With the school holidays now underway, your child is in danger. Roger Nourish, Head of HSE’s Agricultural Sector, provides some timely advice on keeping them safe.
Most of us don’t even want to contemplate the death of a child.
Sadly, however, three children have died from accidents involving agricultural transport in the last three months. Two of them were under the age of six.
How can this have happened? Any parent who has suffered such a loss will be asking themselves that question for the rest of their lives.
The fact is, tractors, quad bikes and children just don’t mix. And at this busy time of year - with weeks of school holidays ahead - it is clearly time to ask yourselves: “How am I going to keep my children, and any friends or visitors, safe when they are on the farm?”
Sometimes we adults expect children to be more aware and behave more responsibly than they are capable of being.
Don’t think for one minute that such an accident couldn’t happen on your farm. The truth is these parents didn’t believe it was possible either. It only takes a second for an accident to happen.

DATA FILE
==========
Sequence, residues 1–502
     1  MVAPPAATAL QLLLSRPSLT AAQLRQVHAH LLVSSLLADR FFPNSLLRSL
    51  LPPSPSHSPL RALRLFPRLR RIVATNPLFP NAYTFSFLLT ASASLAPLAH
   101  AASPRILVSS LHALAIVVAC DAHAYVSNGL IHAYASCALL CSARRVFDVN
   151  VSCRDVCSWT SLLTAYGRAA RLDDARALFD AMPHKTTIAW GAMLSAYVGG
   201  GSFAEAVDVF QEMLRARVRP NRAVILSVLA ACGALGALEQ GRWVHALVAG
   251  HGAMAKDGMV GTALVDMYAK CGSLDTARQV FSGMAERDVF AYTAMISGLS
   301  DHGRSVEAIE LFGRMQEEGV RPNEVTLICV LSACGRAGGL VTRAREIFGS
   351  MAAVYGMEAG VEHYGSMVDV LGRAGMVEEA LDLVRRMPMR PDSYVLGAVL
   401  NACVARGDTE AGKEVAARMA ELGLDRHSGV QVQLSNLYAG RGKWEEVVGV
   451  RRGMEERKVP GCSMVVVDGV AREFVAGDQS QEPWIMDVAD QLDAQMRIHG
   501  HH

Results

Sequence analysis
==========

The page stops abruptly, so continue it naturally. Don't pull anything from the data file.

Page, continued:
Yet, only a few seconds thinking time can make the difference and prevent the needless loss of young lives.
Many farm workers lack proper tractor driving instruction, despite tractors being one of the main causes of fatal farm accidents.
We would never let our child stand in a stall with a dairy bull - so why do we let them walk across the yard where machines and tractors are operating?
Workers are not allowed to ride on ATVs without training or helmets - so why do we let our children?
As head of HSE’s agricultural sector, I am made aware of every fatal accident in agriculture. Such incidents affect us all personally, but even more so when it involves the needless loss of young lives.
Invariably, only a few seconds thinking time would have made the difference.
We don’t want to spoil summer for children but as a parent myself, I urge you to take these few seconds to think and plan ahead.
A mother who is living through the nightmare of having lost a child is Caroline Pugh. 'In November 2001 my 14-year-old son Gareth was killed whilst working and driving an ATV,' she says. 'The employer has just been found guilty at court and fined £35 000 but that will never bring Gareth back.
'I want to see training for all riders of ATVs. This is not HSE being the nanny state; training could have prevented this. The summer holidays are with us and children will be riding these machines for pleasure as well as work,' she adds.